Inner Pages

Inner Pages in terms of layout follow the same pattern as the homepage. The only difference here is that you have content categories before the ad banners. Thus, you can bypass the banners by clicking on any of those content categories. There are five different rows helping you find the content based upon the location. But after each of these rows, there’s a GDN banner which is quite frustrating to deal with when browsing through the phone.


Content is actually Squid TV’s stronghold. What it lacks in graphics, it makes up for it through content. There are eight main categories of content – News Channels, Ethnic TV, Entertainment & Cultural TV, Shopping TV, Music TV, Sports TV & Videos, Scientific & Education TV and Religious TV. Each of these buckets has a diverse range of channels from all around the world. For instance, if you click on News, you can find content from countries such as the US, the UK, India, Ghana, UAE, Australia, Saudi Arabia, Nepal, Japan, New Zealand and many more.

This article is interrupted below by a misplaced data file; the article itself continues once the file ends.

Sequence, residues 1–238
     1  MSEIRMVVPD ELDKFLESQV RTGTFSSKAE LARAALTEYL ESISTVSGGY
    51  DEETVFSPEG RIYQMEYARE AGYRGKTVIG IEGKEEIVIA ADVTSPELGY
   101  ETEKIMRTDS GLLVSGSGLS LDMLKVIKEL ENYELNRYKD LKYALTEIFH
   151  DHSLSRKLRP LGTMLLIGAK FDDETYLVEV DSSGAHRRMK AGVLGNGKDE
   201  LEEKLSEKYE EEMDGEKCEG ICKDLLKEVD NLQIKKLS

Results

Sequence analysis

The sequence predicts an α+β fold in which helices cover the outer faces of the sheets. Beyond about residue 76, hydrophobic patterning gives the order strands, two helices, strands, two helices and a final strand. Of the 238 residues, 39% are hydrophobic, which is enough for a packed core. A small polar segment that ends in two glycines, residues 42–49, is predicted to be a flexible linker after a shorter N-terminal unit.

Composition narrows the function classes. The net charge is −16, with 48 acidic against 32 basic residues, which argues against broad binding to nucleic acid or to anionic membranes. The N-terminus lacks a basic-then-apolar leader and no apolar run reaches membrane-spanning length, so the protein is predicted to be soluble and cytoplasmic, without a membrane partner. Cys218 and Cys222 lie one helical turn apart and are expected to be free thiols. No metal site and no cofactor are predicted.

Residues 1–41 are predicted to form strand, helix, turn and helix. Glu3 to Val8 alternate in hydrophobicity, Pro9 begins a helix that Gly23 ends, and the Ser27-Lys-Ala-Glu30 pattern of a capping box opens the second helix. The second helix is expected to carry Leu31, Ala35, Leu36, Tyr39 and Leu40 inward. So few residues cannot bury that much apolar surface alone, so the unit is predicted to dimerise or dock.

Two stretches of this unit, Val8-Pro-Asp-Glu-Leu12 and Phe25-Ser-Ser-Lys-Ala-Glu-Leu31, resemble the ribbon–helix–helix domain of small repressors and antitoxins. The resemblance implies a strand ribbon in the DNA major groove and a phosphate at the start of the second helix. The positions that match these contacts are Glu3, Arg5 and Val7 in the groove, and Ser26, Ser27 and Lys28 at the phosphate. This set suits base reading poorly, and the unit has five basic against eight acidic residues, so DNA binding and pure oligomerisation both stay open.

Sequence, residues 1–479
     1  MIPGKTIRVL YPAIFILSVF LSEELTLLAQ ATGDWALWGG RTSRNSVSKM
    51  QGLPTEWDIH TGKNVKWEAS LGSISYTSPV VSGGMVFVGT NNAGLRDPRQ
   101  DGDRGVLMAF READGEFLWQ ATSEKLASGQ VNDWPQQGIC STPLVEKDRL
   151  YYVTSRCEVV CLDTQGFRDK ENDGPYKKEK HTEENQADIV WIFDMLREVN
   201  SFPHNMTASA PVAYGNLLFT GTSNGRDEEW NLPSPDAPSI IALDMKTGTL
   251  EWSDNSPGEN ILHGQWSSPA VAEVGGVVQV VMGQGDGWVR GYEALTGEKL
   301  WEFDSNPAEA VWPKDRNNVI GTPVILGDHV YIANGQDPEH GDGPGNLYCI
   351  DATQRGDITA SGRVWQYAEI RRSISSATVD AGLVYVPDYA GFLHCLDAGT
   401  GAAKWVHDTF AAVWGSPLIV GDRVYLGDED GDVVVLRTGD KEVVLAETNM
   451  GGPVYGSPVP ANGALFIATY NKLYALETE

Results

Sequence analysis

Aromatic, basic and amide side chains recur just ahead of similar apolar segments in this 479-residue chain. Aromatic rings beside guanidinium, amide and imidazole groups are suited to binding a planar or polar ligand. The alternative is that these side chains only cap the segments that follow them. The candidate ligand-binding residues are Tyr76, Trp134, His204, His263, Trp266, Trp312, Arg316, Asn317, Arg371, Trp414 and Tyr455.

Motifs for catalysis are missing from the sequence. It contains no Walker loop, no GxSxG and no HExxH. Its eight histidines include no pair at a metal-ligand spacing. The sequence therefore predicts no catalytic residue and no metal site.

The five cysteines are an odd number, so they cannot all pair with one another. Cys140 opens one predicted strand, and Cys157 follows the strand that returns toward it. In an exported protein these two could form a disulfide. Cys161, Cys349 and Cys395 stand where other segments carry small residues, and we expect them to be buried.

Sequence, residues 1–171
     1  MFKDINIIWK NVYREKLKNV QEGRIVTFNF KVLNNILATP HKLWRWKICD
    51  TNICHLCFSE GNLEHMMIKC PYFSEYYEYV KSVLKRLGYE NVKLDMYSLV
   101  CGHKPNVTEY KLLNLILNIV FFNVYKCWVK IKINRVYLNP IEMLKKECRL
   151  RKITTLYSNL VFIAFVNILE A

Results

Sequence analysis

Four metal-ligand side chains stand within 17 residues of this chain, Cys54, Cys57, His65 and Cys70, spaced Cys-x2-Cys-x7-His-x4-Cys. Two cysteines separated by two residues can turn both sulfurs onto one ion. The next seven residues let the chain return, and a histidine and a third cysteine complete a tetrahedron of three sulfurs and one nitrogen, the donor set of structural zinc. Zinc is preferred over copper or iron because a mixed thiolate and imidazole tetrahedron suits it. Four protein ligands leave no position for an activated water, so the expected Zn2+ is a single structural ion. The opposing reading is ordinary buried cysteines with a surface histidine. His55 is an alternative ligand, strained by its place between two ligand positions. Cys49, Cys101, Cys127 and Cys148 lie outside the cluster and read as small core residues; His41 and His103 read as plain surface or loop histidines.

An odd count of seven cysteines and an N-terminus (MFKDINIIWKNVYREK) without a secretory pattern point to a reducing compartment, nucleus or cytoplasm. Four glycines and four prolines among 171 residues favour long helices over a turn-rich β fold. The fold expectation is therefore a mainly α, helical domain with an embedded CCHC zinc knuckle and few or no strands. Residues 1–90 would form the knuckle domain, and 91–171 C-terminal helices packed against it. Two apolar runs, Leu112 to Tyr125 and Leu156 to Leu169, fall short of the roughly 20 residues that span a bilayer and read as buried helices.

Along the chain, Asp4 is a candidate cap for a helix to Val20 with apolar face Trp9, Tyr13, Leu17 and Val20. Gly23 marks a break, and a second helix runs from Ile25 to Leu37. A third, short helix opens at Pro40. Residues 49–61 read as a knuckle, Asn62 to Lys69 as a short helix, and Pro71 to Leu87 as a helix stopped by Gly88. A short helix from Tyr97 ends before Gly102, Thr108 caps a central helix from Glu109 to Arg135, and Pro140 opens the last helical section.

Desktop/Mobile experience

It’s not a big reveal when I say I prefer streaming IPTV websites on my mobile phone. And this website is a fine example of why it is so. Just tons of ads all over the place makes the streaming quite cumbersome. However, I had to test the website on both the desktop and the mobile device. Though the actual streaming wasn’t that bad, the browsing experience was quite terrible, to say the least.

Suggestions I have for Squid TV

I don’t have any problems with the actual streaming capability. However, that’s valid if I stay on the page till then. The homepage and the inner page’s design are absolutely shambolic. I’d really request the developers to revamp the entire website.


Squid TV is quite popular which is evident in its Facebook following. People who want to watch free to air content and other paid channels for free can give it a try. Beware of the ads though.

Likes & Hates:
Extensive Content Library
Dual Language Options
Location-based content categorization
Steady Streaming quality
Poor website layout
Too many ads
Poor design approach and color combination